She says navigating the complexity of relationships includes being clear about the roles you adopt on the job: “How you avoid taking on roles like the nursemaid, mother or centre of gossip is all about being intentional about how you show up. As a leader you have to make strategic choices and elevate discussions into interactions that make a difference in the organisation.

She says organisational fit is important to having a successful career in HR. The best dynamic occurs when there is consensus in the business that HR matters.

“I have found that organisations that believe that people are an enabler to their success, are the best. At SAP, the focus on employees’ experiences makes it a great place to contribute. You can’t have a successful journey as an HR person in an organisation where people aren’t valued.”

She says SAP demonstrates that they care through the perpetual willingness to have conversations about their people and make adjustments according to that feedback.

“For example, the response to the pandemic was very proactive. As the crisis evolved and impacted people’s ability to work, the company did everything to keep people safe and productive, by enabling them to work remotely.”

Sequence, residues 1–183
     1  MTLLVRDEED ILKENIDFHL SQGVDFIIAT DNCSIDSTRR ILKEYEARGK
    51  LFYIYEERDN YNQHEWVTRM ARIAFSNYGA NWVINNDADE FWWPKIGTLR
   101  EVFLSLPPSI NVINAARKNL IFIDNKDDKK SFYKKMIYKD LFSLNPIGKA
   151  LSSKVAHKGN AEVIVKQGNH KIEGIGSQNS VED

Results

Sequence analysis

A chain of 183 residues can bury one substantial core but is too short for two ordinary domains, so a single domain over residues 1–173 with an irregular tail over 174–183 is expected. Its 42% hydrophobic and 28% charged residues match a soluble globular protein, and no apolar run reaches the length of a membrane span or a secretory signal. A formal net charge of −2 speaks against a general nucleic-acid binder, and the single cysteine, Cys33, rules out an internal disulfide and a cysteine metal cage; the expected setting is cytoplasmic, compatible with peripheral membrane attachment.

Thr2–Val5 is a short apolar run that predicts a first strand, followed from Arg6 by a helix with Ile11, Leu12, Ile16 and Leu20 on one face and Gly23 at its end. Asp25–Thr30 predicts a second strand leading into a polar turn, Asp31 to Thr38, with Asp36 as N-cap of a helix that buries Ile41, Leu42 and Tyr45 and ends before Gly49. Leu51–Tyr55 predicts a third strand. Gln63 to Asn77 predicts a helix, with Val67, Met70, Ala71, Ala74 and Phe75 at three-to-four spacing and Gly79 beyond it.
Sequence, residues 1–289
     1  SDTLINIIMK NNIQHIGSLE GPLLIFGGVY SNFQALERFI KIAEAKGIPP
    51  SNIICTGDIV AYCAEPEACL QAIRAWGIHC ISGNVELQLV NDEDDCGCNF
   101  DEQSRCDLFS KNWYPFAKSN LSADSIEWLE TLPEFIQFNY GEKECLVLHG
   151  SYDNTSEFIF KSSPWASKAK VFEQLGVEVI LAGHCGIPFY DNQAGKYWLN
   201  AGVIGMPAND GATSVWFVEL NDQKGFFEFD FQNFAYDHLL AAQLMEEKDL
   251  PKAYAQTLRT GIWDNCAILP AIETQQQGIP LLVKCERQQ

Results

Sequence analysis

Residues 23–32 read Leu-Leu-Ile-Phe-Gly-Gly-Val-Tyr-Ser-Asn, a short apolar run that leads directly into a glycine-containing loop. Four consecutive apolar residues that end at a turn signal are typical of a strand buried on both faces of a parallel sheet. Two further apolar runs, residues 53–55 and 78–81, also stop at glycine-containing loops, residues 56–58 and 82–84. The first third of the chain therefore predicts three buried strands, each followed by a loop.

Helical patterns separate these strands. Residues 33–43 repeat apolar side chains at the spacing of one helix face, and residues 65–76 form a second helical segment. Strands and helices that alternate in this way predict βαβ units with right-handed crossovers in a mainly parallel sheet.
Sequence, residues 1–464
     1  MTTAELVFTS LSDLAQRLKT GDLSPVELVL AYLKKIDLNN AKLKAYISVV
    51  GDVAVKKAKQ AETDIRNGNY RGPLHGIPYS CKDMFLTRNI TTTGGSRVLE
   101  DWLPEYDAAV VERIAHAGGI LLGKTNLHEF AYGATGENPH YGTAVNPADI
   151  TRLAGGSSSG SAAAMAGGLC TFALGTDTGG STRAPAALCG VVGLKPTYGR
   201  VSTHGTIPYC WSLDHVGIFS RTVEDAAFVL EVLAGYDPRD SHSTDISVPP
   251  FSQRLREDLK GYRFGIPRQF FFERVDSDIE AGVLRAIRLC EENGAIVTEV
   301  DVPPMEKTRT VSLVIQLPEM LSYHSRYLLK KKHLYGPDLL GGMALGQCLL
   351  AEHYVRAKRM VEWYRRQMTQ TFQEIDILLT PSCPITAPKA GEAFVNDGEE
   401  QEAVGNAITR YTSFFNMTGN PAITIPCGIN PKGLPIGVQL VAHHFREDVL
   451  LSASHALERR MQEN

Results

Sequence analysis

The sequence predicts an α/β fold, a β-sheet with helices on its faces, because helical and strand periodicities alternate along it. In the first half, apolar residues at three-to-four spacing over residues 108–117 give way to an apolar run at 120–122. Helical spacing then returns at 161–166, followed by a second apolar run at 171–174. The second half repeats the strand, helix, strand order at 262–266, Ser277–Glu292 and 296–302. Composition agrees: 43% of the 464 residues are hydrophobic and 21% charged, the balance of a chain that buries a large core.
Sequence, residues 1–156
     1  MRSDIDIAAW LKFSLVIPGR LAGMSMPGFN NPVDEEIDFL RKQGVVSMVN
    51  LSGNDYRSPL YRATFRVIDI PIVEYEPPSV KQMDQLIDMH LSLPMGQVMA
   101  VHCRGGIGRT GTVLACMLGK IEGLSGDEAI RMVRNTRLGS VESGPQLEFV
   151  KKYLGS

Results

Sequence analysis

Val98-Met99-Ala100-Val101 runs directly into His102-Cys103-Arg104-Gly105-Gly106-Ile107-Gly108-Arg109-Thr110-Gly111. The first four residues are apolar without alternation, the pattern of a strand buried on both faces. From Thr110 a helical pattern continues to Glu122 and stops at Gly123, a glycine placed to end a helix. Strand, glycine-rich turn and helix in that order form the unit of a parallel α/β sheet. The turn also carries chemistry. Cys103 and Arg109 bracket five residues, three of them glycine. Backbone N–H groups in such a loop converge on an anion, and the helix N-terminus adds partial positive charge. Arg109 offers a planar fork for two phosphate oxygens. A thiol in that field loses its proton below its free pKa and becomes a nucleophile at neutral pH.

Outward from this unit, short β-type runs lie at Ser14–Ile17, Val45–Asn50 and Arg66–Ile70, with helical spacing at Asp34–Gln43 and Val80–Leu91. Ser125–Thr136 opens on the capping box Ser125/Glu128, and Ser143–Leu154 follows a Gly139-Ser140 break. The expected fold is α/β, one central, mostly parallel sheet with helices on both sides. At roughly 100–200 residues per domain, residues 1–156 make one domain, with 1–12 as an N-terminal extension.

She says the company adopted a quick focus on mental health and was one of the first organisations to call for a global mental health day in April 2020 to allow everyone to unplug and take care of themselves.

“At the same time, we understand people want to continue to learn and grow despite the current challenges. This year, we initiated the first global ‘People Day’ as an opportunity for our employees to contemplate their skills, their development needs and their career aspirations.”
She adds, “We don’t get everything right, but we try to have the conversations, and focus on what we can do rather than what we can’t do.”

Outside of work
Genevieve is a mother of three, the oldest of whom is a 26-year-old teacher, followed by a matriculant and Grade 10 learner. An avid reader, she is a fan of fiction and is drawn to fantasy, with stories of mythical creatures, werewolves and fairies.

A very social person, she says she enjoys long lazy lunches with friends as a great way to disconnect. “Relationships are very important to me and I have maintained the same network of friends for 30 years, which is indicative of how much I value close ties.”